In recent years ethanol blends and other biofuels made from corn have made huge inroads into U.S. energy markets. But just how eco-friendly is corn-based ethanol? The costs associated with this not so green form of energy far outweigh the benefits. The rapid increase in corn production for ethanol has caused corn prices to skyrocket, added to the national debt and actually increased our carbon footprint.
A one-way flight from N.Y. to London would require a year's worth of corn from 30 football fields.
It takes approximately 129 gallons of fossil fuel to produce 100 gallons of ethanol.
A 2008 Royal Society of Chemistry study used an interesting analogy to express some of these costs. They found that a single one-way flight from New York to London would require a year's worth of corn from 30 football fields. That's not only a lot of corn, it's also a lot of oil and water. Under current technology it takes approximately 129 gallons of fossil fuel to produce 100 gallons of ethanol. Now this is a relatively new science. The expectation is that the technology will improve and this ratio will decrease in the future. For the time being, however, corn does not appear to be a very sustainable source of green energy. It is not a very renewable form of energy either, since farms lands once used to grow food are being overtaken by corn crops destined for biofuel production—a phenomenon that is making arable land in the U.S. even more rare. And, in addition to the vast amounts of water it takes to grow a sugar-rich crop like corn, converting it to ethanol requires a great deal of water as well.
Another high cost associated with biofuels made from corn is government subsidies. In recent years U.S. government subsidies to fund corn production for biofuels have topped seven billion dollars annually. Not a small sum considering the current level of our national debt. Aside from those direct subsidies, a number of farmers are paid merely for maintaining agriculturally viable land—whether they grow anything on it or not. That's right. Many farmers receive government subsidies for farm land that they don't grow anything on.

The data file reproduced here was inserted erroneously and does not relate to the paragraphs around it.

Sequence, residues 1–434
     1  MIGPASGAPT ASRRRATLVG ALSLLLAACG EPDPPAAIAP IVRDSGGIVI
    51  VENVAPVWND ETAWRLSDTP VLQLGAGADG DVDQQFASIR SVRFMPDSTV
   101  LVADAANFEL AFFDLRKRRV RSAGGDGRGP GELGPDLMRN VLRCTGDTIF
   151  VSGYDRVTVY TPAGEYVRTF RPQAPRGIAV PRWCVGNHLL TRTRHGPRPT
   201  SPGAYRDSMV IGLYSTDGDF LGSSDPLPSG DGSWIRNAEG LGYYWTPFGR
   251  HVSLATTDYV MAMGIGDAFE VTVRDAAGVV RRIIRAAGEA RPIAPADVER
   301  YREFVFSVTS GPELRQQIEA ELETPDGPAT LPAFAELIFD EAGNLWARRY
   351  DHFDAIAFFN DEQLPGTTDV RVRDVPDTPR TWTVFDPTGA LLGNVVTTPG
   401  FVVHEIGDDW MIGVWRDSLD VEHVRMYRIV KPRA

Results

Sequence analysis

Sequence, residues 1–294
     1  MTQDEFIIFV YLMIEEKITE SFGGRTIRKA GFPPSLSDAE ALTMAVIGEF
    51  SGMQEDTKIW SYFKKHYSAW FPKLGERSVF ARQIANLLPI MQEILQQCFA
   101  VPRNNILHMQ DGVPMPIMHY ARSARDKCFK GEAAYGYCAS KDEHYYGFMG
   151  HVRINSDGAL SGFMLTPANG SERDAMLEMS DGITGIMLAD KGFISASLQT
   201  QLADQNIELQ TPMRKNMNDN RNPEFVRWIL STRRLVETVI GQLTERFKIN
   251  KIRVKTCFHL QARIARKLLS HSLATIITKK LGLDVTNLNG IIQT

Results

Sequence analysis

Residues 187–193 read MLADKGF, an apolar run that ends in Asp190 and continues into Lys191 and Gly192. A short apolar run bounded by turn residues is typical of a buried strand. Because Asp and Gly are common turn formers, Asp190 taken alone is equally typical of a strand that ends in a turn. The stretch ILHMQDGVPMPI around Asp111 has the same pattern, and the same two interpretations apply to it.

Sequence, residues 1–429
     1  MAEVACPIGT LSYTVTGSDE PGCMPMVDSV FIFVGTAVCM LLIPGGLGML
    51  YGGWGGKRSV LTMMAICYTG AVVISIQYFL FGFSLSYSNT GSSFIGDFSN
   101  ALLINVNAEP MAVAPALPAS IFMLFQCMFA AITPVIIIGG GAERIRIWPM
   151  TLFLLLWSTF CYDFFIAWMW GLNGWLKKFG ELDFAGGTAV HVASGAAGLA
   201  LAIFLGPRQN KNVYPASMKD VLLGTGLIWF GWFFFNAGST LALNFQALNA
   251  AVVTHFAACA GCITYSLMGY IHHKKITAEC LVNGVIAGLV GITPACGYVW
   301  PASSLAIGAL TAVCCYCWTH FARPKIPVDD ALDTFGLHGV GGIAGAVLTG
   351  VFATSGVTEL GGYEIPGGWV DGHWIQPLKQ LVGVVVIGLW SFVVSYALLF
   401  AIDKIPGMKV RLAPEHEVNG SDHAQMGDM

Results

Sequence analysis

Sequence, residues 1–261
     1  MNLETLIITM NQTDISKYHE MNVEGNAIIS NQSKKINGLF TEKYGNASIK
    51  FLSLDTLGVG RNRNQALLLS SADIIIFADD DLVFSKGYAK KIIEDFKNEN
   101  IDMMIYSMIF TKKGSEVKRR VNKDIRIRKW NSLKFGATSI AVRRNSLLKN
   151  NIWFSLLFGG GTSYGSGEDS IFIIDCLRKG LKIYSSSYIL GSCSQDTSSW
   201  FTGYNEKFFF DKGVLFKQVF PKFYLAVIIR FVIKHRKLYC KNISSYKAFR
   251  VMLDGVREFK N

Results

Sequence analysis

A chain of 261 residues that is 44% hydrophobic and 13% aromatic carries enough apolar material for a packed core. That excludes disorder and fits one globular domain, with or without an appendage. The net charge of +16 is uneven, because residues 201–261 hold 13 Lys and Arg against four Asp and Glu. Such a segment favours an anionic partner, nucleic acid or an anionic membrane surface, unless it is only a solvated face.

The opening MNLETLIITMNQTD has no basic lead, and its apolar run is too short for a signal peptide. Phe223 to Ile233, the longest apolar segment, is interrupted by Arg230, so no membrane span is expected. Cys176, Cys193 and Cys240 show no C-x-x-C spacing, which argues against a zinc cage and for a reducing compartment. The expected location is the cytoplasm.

A more obvious cost of using corn to produce ethanol is the effect it has on corn prices for human consumption. Corn prices have skyrocketed in recent years, from under $100 a metric ton in 2005 to a record high of over $300 in 2011. That's an astronomical increase of over 200% in just over five years, compared to an annual inflation average of around 3% over the same period. Although there are a number of factors contributing to this increase, biofuels are often cited as one of the chief culprits. This places a great deal of stress on U.S. food prices, where products made from corn are abundant. But it places even more pressure on developing countries, where corn is a staple part of many people's diets.
Check out the graphs and figures on corn-based bio fuels on Z Facts at this link. Other cellulose-based fuels (like switch grass and algae) are much more effecient. Corn-based biofuel is all about government subsidies. It uses tons of oil and energy to produce and transport, requires harmful ammonia-based fertilizer to grow, and causes insane food inflation—especially in developing countries where corn is a staple commodity. But, U.S farmers still receive $7.0 billion in subsidies a year...
Check out the hilarious video link above, in which Stephen Colbert explains that i t takes 30 footbal fields of corn to make enough fuel for one flight from NY to London. And it takes approximately 129 gallons of fossil fuels to produce 100 gallons of ethanol...